State Government to pay creditors on time

March 29, 2018

Radio Broadcast


Steven Marshall, Premier (5AA 9.37-9.42) State Government to pay creditors on time


(Byner: There are some good stories around today … we find that Government departments which fail to pay invoices on time are going to be hit with automatic penalties as part of reforms aimed at reducing the amount of money owed to SA businesses. I got wind of some facts which I happen to know are very close to the mark where the amount owed over 90 days was well over $300m … during the election campaign I asked a lot of people about it. The Government didn’t appear to be too worried and the Libs sort of said, “Well, if we get in, we’ll look at it”. Well, they’ve done more than that. Let’s catch up with the Premier, Steve Marshall. For some time I’ve been noting that the State of South Australia has a debt past 90 days to business and providers … to the tune of $330m. During the election campaign I mentioned this to Jay Weatherill and he did say that was not desirable but didn’t really offer to do anything … Dennis Hood had told me of a situation where it was mentioned to a Treasury official and the reply was, “We will pay when we’re ready”. Well, thankfully, something’s going to happen on this. Let’s talk to the Premier, Steve Marshall … tell us what you’re going to do?) Good morning … there’s a new broom in town and we’re going to make sure that we pay our bills to the small business sector on time. As you’ve said and not just in the recent months Leon, you’ve been saying this for years and years. I think this goes back six or seven years where you and your program have been running a campaign against late payments. You know that this puts an enormous pressure on small business in South Australia. It’s essentially money that is needed by these small businesses to pay their employees, to pay their suppliers and to get on with running their businesses. Now, for too long the Labor Government was doing the wrong thing, they weren’t putting a focus or a priority on prompt payment. We’ll be sorting that out and we’ll be doing it as quickly as possible. (Byner: Now the other thing you’re doing that we have been suggesting for a while is that anybody who was late paid had to apply for interest and … many didn’t because they were worried that if they did, they might miss out on business next time.) You’re spot on. (Byner: … but you’re going to make it virtually automatic.) You’re spot on. People could apply for penalty interest after 60 days had elapsed but they didn’t because 1) a huge amount of paperwork to do it and 2) they were worried about retribution from the previous Government. We’re going to sort out that problem. We’re going to pay it automatically from 60 days but most importantly, we’re just going to get on with paying our bills on time. We’re going to make it a key performance indicator for every single one of our chief executives. We want them to know that there is real pain suffered right across South Australia when Government doesn’t pay its bills on time. We’ll be sorting this out, we’ll have proactive reporting to the public on a monthly basis. This is something that the Liberal Government will fix. This is great news for small business in South Australia and thank you, to you and your program for hammering this issue. Finally, something is now going to be done under this Liberal Government. (Byner: So when you say ‘on time’. If a bill is submitted and … there’s no issues with it … how long will people have to wait before they get their money?) Well the standard trading terms … most of these are thirty day but of course sometimes there are exceptions where a different contract is entered into. But … if we are late, we are going to make this a priority of the Government to get it paid and get it paid quickly. We want to release the handbrake that the previous Government had on the business community in South Australia. As you would know from the calls that you’ve had from your listeners, cash is king in a business. If you don’t have cash, if the Government’s not paying you on time, it has all sorts of flow-on effects for the business. We want to remove that handbrake, support small business, we want to grow the economy, we want to create more jobs. (Byner: That’s the Premier, Steve Marshall.)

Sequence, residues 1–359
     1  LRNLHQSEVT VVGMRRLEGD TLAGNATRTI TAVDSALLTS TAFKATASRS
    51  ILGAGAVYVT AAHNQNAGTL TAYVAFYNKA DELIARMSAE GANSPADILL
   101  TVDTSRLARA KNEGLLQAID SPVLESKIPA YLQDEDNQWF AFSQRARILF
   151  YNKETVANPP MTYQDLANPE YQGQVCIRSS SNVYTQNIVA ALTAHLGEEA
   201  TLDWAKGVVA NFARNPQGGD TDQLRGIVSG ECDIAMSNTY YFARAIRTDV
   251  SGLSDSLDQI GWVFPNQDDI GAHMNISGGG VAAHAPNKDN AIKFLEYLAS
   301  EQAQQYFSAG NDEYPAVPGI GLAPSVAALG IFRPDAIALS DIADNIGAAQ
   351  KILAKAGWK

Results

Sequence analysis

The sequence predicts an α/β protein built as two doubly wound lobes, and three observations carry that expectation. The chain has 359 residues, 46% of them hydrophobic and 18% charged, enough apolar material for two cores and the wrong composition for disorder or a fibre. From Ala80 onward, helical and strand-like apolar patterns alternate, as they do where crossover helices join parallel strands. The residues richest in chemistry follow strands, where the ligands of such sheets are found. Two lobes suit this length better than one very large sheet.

John Darley, MLC (5AA 9.42-9.44) State Government to pay creditors on time


(Byner: MLC … John Darley … you happy?) Well, I’m reasonably happy with that … but my concern is … if that 5% fine is imposed plus interest, why does the taxpayer have to pay? And I come back to the point that departments are run by chief executives and directors at fairly high salaries … I think the lowest paid Chief Executive is about $350,000 a year. These people are responsible and accountable for the actions of the Department and I think there should be some action taken against them to ensure that they do the job that the taxpayers are paying for. (Byner: What do you reckon the Public Service Association would say about that?) Well if they’re sensible, they’d agree with it actually. (Byner: So you like what you’ve heard this morning?) Yeah I do … now that Steven Marshall’s said he’s going to hold chief executives responsible but it’s got to go further than that because the chief executive with the director of the individual division should be held accountable for the actions of their department and there should be some provision that if they don’t perform, well then some action is taken. (Byner: John Darley, thank you … he’s a good MP this guy … )


Please reload

Recent Posts

September 23, 2020

September 10, 2020

September 10, 2020

Please reload




08 8237 9114


Parliament House
Adelaide, South Australia 5000

Some rights reserved. Authorised by J. Darley, Parliament House, SA 5000